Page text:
ISLAMABAD: Improved farm economy coupled with low fertiliser prices enhanced urea offtake in the country during July-Dec 2020 compared to the same period in the previous year.
While most of the sectors suffered during the Covid-19 lockdowns for most part of 2020, the fertiliser industry flourished with the urea offtake during July-Dec 2020 at 3.36 million tonnes, compared to 3.34m tonnes in the same period a year ago.
Analysts have attributed several factors to the enhanced urea offtake in the year 2020 including higher prices of sugarcane and wheat amid low fertiliser prices.
“The GIDC impact led to the decline of urea by around Rs350 per bag of 50 kilograms. This too encouraged farmers to consume more urea and phosphates compared to the previous year,” said Hammad Hussain, an analyst at Optimus Capital.
The year 2020 started on a positive note. Total inventories in the period July-Dec 2019 were at 3.26m tonnes. The previous six months (Jan-June 2019) had been dry for the fertiliser sector, with total inventories limited to 1.04m tonnes. As a result, significant efforts were made to improve the supply side and in July-Dec 2019 urea production in country reached 3.26m tonnes.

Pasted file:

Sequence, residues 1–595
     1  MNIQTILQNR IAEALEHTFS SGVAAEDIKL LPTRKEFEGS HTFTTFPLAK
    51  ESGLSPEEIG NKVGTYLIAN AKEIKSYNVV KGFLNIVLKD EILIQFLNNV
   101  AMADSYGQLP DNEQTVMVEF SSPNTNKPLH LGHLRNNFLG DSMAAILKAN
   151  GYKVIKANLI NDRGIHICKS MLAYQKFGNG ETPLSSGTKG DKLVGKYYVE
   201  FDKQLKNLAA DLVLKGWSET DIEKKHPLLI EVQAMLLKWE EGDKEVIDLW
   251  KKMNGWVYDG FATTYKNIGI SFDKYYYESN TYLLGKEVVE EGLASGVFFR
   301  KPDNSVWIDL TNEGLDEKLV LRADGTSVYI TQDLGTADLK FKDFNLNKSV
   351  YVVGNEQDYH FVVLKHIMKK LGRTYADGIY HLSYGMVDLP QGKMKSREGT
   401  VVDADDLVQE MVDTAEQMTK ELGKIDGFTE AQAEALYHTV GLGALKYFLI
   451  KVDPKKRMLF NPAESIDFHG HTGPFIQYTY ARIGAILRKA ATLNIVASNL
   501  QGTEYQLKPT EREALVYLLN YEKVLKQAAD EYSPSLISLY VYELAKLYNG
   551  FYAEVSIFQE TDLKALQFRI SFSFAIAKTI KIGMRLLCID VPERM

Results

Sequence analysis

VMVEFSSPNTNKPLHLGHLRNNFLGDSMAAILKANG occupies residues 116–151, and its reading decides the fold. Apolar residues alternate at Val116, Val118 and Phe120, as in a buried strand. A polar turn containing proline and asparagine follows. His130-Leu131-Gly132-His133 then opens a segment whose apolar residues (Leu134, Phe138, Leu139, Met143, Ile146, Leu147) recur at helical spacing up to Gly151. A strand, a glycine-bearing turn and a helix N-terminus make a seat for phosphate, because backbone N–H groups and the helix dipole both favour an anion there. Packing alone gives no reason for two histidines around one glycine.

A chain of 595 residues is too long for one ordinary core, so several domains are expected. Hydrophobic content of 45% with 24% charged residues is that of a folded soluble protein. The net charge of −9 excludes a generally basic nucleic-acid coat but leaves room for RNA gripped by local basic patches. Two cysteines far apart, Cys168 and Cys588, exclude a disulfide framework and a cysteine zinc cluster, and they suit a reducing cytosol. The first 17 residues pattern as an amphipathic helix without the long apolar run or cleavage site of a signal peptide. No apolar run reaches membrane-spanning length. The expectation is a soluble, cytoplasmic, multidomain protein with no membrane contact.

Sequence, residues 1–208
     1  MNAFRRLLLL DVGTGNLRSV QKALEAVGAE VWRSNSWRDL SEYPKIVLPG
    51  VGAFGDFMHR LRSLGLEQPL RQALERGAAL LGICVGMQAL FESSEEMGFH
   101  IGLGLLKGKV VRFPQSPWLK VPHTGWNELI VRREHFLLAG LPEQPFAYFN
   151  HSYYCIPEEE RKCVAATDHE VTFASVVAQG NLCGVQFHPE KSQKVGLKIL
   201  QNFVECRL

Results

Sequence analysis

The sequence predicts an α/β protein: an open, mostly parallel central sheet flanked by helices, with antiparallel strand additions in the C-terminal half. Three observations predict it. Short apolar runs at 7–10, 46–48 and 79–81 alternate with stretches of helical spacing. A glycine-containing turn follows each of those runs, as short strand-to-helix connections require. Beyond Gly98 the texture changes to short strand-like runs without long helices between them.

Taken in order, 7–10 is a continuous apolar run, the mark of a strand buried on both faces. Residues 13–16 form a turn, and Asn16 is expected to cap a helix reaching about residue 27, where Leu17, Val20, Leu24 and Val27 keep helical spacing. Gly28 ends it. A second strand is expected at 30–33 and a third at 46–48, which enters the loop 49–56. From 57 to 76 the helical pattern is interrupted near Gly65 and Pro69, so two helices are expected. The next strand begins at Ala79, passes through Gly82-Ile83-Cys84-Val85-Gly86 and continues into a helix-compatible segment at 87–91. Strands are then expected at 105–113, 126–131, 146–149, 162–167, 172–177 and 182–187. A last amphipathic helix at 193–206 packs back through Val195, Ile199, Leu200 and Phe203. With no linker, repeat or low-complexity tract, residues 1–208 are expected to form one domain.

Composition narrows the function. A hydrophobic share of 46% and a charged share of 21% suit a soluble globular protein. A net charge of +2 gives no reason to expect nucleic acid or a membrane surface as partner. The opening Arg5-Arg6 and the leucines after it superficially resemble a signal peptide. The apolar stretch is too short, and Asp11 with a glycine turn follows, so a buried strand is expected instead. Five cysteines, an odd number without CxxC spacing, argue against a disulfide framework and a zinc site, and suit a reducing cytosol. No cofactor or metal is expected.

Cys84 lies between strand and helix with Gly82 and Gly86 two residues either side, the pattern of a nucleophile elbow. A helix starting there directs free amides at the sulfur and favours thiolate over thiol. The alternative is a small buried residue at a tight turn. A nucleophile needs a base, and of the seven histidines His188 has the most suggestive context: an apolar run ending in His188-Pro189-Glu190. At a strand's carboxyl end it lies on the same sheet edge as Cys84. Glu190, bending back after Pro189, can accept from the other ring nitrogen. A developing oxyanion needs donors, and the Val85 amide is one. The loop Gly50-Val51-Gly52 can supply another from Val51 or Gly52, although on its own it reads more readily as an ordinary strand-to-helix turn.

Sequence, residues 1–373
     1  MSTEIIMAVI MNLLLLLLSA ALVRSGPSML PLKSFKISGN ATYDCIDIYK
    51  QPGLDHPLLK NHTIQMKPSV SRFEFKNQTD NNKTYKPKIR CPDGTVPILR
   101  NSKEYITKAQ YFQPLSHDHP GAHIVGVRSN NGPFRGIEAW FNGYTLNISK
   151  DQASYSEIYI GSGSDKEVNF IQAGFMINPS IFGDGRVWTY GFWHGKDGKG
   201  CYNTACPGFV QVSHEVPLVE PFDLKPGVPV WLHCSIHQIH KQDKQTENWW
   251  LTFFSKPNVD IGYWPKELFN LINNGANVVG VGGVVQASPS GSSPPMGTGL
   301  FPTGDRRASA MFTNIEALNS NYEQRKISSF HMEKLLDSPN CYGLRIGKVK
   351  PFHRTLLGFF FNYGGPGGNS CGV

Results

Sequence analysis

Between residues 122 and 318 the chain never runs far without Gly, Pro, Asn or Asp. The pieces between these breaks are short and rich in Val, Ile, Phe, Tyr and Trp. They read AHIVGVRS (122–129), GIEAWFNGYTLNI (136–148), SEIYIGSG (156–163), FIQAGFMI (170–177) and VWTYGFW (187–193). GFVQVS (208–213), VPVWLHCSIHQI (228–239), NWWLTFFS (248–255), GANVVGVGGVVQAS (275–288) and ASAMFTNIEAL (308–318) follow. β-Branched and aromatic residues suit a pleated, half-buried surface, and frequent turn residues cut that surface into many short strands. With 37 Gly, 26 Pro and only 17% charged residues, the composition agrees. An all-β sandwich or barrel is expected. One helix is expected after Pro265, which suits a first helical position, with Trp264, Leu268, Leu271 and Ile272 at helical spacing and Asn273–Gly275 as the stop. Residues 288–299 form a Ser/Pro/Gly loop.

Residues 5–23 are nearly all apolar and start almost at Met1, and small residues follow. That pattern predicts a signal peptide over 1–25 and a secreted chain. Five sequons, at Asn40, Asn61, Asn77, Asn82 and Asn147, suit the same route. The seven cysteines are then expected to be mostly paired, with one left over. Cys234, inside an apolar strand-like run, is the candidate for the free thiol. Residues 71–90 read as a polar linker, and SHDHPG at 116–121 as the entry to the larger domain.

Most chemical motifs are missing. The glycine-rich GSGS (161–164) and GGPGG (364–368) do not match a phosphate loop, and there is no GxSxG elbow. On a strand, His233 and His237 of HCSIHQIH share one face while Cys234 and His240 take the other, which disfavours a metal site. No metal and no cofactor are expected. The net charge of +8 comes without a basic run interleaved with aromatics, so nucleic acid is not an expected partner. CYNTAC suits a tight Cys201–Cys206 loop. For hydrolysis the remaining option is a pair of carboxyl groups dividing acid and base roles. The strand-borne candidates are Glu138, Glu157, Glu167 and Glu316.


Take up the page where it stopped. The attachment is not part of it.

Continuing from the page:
Subsequently, the first half of calendar year 2020 saw inventories reaching 3.75m tonnes. However, in July-Dec 2020, urea inventories were down at 2.75m tonnes. Urea production in July-Dec 2020 was 3.22m tonnes.
Meanwhile, the National Fertiliser Development Corporation (NFDC) has predicted higher urea offtake for the remaining months of the Rabi season.
Currently, urea is available in the country at around Rs1,760 for 50 kg bag and the price tag is likely to remain stable in the coming months too.
Urea production is likely to improve and remain stable in the year 2021 too as the fuel will be available to the RLNG-based plants, Mr Hussain said.
At the same time, di-ammonium phosphate (DAP) offtake too improved in the country to 1.57m tonnes in July-Dec 2020 compared to 1.38m tonnes in July-Dec 2019.
Published in Dawn, January 31st, 2021